Why? First off, the costs and consequences of delays or errors caused by using manual, paper-based processes can have extraordinary impact in that kind of setting. Automating those workflows won’t only eliminate errors and costs, but create savings that can be passed on to clients, as well as liberating resources to do more important things than manage workflows.
Most of the legal operations professionals we’ve had the privilege to work with see those advantages, and more. But there are still a good many others who, in spite of being enthusiastic about the upside of workflow automation, haven’t been able to make the move: they’re held back by resource constraints, or budgets, or implementation concerns, or even concerns about whether these solutions will take away jobs.
So Mary Shen O’Carroll’s closing remarks at the CLOC Institute 2017 conference give us both needed clarity and a call to action in regard to the effects of technology and automation on the legal operations landscape.
The essential energy of human connections
It’s an dynamic, motivating moment to be a member of CLOC, and a proponent of technology in the legal workplace. Especially when many of people Mary was addressing have been lonely pioneers or outliers for a long time:
At the end of last year’s Institute, someone said to me that the energy of the event felt like that of a religious movement. It’s so true. Just yesterday I found myself in the front row of the Big Thinker’s session thinking, “Amen” and “Hallelujah!” I feel so connected to the people here.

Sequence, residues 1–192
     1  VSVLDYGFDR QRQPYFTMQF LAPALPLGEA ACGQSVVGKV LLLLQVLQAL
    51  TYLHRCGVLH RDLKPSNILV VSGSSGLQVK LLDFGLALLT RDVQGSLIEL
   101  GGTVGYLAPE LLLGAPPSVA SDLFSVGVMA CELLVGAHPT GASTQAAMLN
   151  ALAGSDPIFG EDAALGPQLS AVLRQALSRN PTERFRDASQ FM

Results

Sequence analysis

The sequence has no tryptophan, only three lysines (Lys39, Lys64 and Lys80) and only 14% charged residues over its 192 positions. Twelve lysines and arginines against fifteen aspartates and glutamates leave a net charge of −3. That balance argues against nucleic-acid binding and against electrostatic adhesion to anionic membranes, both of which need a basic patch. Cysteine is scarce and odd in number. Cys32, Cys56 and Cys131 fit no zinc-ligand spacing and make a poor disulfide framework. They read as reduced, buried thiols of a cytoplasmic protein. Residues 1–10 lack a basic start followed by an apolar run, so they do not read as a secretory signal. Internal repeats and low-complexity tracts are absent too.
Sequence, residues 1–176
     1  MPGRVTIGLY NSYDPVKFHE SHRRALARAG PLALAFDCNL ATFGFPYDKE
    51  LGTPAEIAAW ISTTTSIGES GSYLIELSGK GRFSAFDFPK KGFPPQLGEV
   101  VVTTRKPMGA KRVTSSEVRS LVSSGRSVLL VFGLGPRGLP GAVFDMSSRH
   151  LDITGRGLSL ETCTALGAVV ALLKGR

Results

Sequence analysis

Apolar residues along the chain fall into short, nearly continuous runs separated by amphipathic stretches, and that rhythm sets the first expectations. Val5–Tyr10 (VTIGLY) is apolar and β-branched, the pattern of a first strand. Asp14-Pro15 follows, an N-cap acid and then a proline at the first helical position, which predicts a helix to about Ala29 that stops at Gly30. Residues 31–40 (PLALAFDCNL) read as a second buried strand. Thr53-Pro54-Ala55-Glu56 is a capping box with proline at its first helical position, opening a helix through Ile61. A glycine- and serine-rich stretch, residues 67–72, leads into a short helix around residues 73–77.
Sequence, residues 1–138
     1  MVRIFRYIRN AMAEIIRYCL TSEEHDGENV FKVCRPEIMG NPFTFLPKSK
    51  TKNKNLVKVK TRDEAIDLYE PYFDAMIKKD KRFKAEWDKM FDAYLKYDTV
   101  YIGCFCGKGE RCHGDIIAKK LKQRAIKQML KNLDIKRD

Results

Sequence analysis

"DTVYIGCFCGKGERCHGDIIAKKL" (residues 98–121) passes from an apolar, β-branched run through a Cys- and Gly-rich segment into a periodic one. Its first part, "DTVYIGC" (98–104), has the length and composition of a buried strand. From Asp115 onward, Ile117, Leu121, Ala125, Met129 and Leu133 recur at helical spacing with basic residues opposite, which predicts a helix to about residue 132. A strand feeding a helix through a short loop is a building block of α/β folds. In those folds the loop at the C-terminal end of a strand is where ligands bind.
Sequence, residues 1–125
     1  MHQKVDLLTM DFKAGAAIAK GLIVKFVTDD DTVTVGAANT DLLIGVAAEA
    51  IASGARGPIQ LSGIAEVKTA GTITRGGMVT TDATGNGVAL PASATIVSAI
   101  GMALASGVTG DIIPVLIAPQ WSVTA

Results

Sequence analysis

I think the connections in this group are so strong, and so special, because of the long road we took to get here. For so long, we were all off own being solo warriors on these isolated journeys. Each of us paving our own way, figuring it out alone, and trying to define the future one company at a time, one problem at a time.
Despite the fact CLOC Institute was a conference about tech, the people involved and the support they offer each other are still the most important cornerstones of this change, especially as they begin to explore this fresh frontier:
None of us have all of this figured out. We can admit to each other that our departments are way behind where we should be in some areas. And just this week, we had speakers on stage admitting that they don’t have all the answers. And it’s that vulnerability, that open honesty with each other that breaks our own walls down fast and connects us.
This job is hard, and we are met with resistance every step of the way. But we aren’t on our own anymore. Now we have each other, we have the energy and ideas of the community. And that makes all the difference.
But being human beings, we’re prone to inertia that can be the biggest hurdle in driving beneficial change, whether “disruptive” or not:
At the end of the day, it comes down to people. Getting someone to change their mind … that can be the biggest wall of them all.
“Disruptors” like ridesharing companies Lyft and Uber didn’t succeed by delivering breakout technologies: They flourished by converting human attitudes to embrace those technologies.
… It was figuring out the human element. They had to find the answer to: “How do we persuade people to get into the cars of complete strangers? Without thinking that they are going to be robbed, kidnapped or murdered?!”